We Need to Talk: Court Cases Overturn High Value Defense Procurements Over Failure to Hold Discussions

Once again, in the third such decision in fewer than two years, the US Court of Federal Claims (CFC) in January issued a decision granting a protest of, and thereby upending, a major Department of Defense (DoD) award decision on the basis that the procuring officials failed to conduct discussions in a high value defense procurement.

Specifically, the court found that the agency had run afoul of DFARS 215.306, which directs that contracting officers should conduct discussions for procurements valued over $100 million. While this provision seems to have had little or no impact on DoD’s procurement practices for nearly a decade after it was enacted in 2011, the three recent CFC decisions depart significantly from the approach taken by the Government Accountability Office (GAO) and raise continuing questions as to the requirements for holding discussions going forward. It remains unclear, for example, on what basis the DoD might justify not holding discussions in these procurements, whether not doing so might constitute harmless error in some instances, and whether the FAR 15.306(c) and (d) procedures on discussions (referenced in the DFARS provision) might limit the significance of the DFARS provision, among other things.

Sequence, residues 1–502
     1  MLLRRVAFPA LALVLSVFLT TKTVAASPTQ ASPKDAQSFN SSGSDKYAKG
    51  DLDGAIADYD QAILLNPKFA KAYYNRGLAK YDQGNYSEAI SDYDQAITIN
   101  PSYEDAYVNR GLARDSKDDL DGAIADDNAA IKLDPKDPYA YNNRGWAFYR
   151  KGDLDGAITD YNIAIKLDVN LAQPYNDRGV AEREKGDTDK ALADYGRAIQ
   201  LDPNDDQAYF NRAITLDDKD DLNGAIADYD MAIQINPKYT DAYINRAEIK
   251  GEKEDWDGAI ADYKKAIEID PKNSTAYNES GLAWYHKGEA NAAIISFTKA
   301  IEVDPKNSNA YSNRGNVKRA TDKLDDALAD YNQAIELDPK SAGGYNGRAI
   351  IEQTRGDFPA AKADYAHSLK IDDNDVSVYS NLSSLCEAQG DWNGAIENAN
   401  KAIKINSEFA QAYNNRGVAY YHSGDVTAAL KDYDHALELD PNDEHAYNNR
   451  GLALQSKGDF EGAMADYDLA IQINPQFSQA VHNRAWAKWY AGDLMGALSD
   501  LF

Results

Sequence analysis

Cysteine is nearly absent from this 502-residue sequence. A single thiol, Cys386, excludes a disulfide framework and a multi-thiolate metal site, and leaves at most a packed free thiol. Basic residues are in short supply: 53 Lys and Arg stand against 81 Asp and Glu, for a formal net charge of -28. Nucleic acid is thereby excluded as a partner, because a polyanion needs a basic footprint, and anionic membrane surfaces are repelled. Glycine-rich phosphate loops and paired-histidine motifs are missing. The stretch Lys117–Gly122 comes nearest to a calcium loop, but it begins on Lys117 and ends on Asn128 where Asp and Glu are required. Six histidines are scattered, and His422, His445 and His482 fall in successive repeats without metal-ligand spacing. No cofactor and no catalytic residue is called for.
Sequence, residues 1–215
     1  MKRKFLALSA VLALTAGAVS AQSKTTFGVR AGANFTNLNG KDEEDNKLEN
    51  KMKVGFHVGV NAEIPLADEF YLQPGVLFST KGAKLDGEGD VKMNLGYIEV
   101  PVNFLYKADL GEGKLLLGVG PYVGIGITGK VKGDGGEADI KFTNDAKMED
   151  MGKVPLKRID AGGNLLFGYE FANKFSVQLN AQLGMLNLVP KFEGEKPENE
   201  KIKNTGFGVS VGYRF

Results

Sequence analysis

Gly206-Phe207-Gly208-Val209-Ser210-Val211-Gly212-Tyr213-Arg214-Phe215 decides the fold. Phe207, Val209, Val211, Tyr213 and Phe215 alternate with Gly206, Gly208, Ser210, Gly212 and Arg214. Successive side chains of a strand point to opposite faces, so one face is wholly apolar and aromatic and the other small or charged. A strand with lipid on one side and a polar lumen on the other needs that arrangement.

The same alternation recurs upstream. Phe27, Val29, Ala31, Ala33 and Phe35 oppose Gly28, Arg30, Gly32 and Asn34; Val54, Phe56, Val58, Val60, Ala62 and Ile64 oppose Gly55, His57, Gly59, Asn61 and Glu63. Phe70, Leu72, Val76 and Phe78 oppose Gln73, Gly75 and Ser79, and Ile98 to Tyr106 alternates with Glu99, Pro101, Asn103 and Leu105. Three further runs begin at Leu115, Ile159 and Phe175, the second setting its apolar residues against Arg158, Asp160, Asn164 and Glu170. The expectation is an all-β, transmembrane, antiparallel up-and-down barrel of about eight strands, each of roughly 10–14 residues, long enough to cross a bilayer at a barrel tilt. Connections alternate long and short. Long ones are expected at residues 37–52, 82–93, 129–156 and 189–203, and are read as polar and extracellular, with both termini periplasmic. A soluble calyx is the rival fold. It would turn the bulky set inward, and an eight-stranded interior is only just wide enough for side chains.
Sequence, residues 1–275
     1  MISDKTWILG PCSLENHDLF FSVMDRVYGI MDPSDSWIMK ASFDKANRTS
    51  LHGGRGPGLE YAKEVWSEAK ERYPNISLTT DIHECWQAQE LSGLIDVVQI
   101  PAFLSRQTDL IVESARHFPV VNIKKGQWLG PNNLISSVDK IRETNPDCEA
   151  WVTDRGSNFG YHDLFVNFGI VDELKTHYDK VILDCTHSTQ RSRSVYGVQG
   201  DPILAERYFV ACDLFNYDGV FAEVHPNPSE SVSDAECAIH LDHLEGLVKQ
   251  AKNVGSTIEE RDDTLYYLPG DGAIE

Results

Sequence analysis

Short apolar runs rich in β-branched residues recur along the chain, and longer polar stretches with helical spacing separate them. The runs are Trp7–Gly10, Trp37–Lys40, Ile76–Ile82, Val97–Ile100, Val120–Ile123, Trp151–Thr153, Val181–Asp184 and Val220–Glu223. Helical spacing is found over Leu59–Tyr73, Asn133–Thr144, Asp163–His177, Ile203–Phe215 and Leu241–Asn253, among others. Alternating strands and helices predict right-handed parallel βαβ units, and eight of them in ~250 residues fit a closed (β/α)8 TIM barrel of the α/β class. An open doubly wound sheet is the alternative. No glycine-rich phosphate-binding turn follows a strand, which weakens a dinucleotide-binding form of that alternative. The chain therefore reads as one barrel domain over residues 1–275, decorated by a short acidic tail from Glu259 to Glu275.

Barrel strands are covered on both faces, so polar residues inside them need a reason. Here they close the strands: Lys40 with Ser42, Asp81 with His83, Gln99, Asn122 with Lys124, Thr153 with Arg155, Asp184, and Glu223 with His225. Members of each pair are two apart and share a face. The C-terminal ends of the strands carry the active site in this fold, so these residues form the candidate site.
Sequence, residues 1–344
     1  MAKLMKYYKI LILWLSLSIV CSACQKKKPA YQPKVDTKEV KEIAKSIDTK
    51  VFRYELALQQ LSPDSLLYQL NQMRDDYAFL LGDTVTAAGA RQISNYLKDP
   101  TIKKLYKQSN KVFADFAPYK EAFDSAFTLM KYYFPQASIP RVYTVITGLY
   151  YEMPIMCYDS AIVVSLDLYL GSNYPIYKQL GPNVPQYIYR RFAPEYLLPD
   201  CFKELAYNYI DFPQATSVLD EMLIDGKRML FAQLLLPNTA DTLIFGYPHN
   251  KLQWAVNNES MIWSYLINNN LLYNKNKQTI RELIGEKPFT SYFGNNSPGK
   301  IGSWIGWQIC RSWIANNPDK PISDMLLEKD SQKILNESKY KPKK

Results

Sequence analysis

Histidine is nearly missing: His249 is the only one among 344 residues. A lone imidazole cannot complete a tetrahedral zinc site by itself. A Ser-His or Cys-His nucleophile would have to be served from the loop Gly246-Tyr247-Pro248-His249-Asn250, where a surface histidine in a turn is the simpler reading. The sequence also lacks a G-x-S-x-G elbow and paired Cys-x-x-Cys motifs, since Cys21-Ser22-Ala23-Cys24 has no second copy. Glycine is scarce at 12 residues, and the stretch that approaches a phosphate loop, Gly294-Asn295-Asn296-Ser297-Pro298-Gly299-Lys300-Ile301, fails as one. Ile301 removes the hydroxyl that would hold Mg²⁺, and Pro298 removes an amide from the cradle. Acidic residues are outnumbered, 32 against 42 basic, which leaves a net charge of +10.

This article reviews the origin and meaning of DFARS 215.306; the GAO, Federal Circuit, and CFC cases that have addressed it; and the issues that remain.

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